Cold Calling as a Life Skill? Yes Indeed!

“Every ‘No’ gets me closer to a ‘Yes.’” – Mark Cuban

If the COVID-19 pandemic has taught us anything, it’s that situations can change at any moment. Instantly!

Many, many people who believed their jobs were “secure” suddenly found themselves out of work. One day, climbing the career ladder – the next, suspecting the superstition of walking under a ladder had come true.

No one saw this coming. Yet, here we are: millions unemployed, wondering how to find a new job.

After reflection, and allowing the dust to settle, many begin to identify organizations where they’d like to work. Problem is, they don’t know anyone there.

Uh-oh. As we all know, an inside advocate is huge for landing a new job. They get your resume to the right person. Put in a good word for you. Position you at the front of the line.

The challenge grows exponentially, though, without that advocate. Talk about agony. Stifling, stultifying, bang-your-head-and-beat-your-fists-against-the-wall frustration. How do you get in the door?

Hmmm. Wouldn’t this be a good time to know a thing or two about cold calling? So you could reach out to someone in the organization, strike up a conversation, intrigue them with your abilities, and hopefully land a meeting?

“Cold calling?” you’re probably thinking. “Isn’t that for salespeople?”

Sure, if you believe conventional wisdom. News flash: Conventional wisdom is rarely “wise.”

True, cold calling is, far and away, commonly associated with sales. I’m a keynote speaker who includes a sales training program, one specifically about cold calling, in his repertoire. I was a sales trainer for years before taking up the inspirational speaker mantle. Yes, cold calling has a long history with salespeople.

Still, this pigeonholing is a shame. Knowing how to call a stranger, and engage them, is a skill that could benefit all of us, at different times in our lives. Think some people unexpectedly out of work might agree?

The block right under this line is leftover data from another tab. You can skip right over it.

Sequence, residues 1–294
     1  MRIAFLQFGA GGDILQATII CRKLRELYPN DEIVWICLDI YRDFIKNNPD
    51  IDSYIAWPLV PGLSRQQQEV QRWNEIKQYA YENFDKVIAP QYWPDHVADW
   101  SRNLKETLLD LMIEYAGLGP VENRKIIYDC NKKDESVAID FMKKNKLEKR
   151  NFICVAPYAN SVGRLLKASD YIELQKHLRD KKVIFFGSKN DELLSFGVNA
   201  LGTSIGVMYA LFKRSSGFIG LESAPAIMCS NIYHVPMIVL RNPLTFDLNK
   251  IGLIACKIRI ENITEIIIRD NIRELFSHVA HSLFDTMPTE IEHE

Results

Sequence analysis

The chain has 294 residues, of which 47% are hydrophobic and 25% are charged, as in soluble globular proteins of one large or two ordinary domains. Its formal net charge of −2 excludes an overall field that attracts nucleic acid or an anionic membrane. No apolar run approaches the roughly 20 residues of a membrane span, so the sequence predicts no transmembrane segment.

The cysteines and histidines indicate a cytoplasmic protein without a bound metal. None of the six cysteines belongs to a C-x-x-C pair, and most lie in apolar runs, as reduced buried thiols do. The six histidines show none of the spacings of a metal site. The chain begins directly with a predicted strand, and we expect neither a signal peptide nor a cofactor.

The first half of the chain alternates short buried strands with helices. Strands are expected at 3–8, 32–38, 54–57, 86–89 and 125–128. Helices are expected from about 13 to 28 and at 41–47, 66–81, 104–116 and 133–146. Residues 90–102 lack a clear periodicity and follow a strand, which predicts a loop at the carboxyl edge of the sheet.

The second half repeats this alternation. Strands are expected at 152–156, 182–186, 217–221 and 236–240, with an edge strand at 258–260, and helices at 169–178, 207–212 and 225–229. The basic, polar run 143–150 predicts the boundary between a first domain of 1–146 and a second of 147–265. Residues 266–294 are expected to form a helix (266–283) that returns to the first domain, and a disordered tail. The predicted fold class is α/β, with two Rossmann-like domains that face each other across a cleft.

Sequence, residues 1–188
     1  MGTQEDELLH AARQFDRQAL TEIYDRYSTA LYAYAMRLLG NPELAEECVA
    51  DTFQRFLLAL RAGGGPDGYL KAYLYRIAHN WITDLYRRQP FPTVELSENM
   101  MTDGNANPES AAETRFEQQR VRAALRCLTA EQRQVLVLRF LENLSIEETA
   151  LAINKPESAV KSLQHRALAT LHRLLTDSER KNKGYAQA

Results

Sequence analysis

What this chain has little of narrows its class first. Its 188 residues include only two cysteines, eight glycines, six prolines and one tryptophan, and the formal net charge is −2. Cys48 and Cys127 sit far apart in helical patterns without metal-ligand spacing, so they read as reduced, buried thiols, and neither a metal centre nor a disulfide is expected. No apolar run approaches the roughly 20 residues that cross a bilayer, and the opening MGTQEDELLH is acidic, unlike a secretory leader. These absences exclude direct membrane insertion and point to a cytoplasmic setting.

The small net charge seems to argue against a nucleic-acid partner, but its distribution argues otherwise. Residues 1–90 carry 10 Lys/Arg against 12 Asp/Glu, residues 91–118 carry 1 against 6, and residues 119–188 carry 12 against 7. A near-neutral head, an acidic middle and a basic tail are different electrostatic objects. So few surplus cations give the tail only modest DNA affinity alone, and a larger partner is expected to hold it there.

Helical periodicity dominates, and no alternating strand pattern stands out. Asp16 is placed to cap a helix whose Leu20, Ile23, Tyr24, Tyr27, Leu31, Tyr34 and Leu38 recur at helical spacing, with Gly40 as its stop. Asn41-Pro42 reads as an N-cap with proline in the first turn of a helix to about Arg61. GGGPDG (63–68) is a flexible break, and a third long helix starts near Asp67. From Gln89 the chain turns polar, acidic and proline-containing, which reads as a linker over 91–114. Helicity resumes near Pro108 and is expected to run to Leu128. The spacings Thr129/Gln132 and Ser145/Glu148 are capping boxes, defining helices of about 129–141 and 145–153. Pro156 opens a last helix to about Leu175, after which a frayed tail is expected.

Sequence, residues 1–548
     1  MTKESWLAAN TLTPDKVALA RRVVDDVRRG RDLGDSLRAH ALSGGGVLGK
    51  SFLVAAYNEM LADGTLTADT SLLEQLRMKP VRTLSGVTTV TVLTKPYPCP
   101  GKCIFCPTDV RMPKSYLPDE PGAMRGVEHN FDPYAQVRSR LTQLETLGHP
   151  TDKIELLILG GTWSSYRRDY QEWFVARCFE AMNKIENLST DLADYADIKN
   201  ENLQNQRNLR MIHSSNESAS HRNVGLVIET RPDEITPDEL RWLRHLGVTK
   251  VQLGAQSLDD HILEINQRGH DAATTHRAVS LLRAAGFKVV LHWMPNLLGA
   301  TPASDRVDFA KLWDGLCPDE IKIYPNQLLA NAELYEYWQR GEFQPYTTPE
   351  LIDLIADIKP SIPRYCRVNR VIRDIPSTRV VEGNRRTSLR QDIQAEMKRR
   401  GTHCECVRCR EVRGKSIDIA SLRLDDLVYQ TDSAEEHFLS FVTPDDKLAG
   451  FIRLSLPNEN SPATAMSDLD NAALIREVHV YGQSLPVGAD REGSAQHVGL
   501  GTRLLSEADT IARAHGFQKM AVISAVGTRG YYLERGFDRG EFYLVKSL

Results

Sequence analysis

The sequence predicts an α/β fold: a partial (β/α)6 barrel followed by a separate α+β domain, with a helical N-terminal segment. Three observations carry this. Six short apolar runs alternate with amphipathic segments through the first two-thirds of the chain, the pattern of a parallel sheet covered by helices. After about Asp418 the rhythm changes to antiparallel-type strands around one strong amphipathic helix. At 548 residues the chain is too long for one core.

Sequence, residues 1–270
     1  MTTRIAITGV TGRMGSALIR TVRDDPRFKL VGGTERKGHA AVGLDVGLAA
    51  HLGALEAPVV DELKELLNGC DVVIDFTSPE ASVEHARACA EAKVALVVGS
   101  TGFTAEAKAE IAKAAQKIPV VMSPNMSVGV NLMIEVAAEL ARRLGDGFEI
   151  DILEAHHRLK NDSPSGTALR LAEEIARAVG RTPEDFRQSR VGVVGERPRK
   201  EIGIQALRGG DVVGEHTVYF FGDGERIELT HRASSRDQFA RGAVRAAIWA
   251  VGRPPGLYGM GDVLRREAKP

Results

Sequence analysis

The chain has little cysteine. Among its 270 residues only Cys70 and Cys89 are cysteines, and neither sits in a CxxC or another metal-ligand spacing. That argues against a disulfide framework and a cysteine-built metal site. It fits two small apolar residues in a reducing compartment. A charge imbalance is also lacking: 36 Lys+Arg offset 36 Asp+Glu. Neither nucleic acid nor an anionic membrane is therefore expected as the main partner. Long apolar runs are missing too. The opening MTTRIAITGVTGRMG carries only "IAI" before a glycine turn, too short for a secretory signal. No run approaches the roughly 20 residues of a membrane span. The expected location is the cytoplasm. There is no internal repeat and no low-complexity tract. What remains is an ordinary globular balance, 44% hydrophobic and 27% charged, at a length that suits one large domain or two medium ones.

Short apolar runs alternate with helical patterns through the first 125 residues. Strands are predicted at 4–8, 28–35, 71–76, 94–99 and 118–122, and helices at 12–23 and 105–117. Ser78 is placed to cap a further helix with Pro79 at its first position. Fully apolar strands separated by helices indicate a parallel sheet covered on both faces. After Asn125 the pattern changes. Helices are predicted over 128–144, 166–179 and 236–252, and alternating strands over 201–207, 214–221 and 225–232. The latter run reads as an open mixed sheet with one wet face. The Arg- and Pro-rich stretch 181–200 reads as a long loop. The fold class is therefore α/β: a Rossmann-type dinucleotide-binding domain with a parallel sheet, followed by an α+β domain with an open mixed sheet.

In fact, I submit that cold calling is a life skill – one that should be taught in school next to math, science, English and other standbys. Everyone should know how to cold call, just like riding a bike or swimming.

It’s a skill that deserves in-depth instruction. Why not have cold calling curriculums in high schools and colleges?

As human beings, contacting total strangers doesn’t come naturally to us. Especially today, in a world of not enough time and too many things to do.

Stretched-thin people don’t welcome cold calls. They’re distractions. Another demand in a too-busy day.

Consequently, most cold calls are very brief … if a connection is even made. “My name is,” followed by a click at the other end.

Why? The caller is untrained. They rarely know what to say. Very few people do.

Cold calling is a learned skill … which is why schools should teach it. Start young. Build the ability, and confidence, early. Who knows where it might lead? Even with 13-year-old entrepreneurs who have a great idea and lots of potential customers?

Cold calling is about being able to get in front of who you want, when you want, and for whatever reason you want. Knowing this skill is power. It engenders more control of one’s future than anyone realizes.

Wouldn’t this be great if, for example, you were suddenly unemployed? Well, lots of people are – and “sudden” applies to most. My next post will dive deeper into why, even if you’re not in sales, cold calling is a skill worth learning.

Life, business and careers revolve around relationships. Building them is critical to success. We might be in a weird reality these days – but even a pandemic can’t change this truth.

Paul M. Neuberger is President of The Starr Group, Founder/CEO of The Cold Call Coach, and a globe-trotting inspirational keynote speaker. Don’t miss his three-part webinar series, Paul’s Emergency Sales Kit, filled with timely instruction and advice for salespeople during a challenging period. Or, for an even deeper dive, try Cold Call University. Contact Paul at 414-313-8338 or via e-mail at

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